Asian Ethnographic Collection
The Museum's holdings in Asian ethnology make up the finest collection in the Western hemisphere. A large part of the collection was made by early anthropologists, who gathered extraordinarily detailed documentation. The collection is comprehensive and includes virtually all object types made of every conceivable material.
It encompasses more than 60,000 catalog entries, many referring to multiple objects. The objects in this collection span an immense range of diversity of cultures: form semi-sedentary agriculturalists in the rain forests of Malaysia, to Bedouin nomads, and to the peasants and poets, philosophers and statesmen of India and China, the world's oldest enduring civilizations.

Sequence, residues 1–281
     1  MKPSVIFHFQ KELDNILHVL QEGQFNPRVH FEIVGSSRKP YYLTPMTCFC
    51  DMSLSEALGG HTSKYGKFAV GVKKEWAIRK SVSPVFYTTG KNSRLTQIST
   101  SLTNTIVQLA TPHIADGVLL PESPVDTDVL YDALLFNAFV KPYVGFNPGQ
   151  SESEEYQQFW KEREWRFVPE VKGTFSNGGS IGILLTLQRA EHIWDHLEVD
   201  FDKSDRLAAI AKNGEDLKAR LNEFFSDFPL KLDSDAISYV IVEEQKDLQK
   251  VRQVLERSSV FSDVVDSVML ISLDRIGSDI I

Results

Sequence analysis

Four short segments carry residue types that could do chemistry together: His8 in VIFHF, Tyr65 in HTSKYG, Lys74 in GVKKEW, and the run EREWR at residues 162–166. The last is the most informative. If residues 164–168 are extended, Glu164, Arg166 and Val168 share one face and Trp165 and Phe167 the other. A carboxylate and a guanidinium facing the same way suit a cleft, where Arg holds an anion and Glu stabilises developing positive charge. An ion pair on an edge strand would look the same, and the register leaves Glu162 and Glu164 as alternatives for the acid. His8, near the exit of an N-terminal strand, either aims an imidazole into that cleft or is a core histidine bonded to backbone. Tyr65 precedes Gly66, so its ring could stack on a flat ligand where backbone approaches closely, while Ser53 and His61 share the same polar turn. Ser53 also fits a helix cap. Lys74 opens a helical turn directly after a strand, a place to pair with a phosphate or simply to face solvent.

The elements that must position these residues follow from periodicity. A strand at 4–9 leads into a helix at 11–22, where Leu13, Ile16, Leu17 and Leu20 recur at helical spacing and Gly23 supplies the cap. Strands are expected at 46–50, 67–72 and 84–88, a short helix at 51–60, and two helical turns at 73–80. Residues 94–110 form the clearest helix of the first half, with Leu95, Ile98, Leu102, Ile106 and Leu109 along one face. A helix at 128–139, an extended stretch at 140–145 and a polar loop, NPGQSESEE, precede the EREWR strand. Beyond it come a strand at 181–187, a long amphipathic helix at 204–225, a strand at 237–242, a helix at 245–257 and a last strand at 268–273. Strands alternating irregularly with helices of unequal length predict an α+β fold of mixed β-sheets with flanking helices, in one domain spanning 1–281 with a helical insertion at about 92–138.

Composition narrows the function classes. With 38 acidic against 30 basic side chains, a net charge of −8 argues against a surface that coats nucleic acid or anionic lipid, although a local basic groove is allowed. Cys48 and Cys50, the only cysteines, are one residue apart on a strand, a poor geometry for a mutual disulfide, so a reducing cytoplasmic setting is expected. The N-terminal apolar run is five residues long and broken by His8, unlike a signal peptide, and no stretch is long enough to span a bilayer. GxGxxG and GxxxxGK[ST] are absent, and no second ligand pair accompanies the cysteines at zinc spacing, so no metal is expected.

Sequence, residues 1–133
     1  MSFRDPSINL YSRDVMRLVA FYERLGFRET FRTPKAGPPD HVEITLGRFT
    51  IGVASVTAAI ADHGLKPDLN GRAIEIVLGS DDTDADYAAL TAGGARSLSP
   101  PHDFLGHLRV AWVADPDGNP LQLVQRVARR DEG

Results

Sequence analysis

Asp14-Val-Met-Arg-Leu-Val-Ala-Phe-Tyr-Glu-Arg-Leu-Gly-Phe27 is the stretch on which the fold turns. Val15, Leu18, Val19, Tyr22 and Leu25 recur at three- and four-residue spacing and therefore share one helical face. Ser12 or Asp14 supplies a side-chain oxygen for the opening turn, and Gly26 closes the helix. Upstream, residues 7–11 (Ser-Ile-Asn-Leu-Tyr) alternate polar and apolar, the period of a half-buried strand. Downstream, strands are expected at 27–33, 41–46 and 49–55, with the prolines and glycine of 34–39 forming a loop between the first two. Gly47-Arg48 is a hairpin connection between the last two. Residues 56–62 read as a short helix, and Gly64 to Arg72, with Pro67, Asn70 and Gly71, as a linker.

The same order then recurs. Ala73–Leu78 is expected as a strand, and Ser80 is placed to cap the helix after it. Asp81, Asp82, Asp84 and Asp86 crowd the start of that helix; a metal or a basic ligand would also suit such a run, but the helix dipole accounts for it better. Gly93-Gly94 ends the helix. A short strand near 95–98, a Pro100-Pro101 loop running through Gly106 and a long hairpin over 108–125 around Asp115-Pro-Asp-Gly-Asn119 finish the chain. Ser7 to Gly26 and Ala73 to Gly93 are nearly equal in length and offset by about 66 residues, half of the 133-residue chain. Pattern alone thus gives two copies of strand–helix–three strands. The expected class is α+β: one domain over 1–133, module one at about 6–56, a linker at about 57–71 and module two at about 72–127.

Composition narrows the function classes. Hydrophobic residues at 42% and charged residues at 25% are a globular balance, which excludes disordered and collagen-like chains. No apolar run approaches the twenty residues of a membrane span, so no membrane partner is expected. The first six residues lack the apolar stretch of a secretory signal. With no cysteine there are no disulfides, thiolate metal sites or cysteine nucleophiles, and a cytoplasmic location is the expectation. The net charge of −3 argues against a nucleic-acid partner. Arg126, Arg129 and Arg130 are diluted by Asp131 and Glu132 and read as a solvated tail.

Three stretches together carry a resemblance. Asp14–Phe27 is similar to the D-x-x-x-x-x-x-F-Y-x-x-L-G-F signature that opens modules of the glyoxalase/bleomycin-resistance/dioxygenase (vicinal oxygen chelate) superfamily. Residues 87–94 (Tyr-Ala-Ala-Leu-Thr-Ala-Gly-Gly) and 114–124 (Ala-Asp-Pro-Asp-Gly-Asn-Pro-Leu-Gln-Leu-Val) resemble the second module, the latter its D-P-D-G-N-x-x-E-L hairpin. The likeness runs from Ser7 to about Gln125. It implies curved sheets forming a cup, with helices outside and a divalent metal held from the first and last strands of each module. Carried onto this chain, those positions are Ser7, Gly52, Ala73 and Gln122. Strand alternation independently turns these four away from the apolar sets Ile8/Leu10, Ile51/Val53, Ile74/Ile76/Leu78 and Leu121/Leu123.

This collection provides an invaluable resource that has been utilized by scholars from throughout the United States and around the globe. Objects from this collection are frequently requested for exhibitions.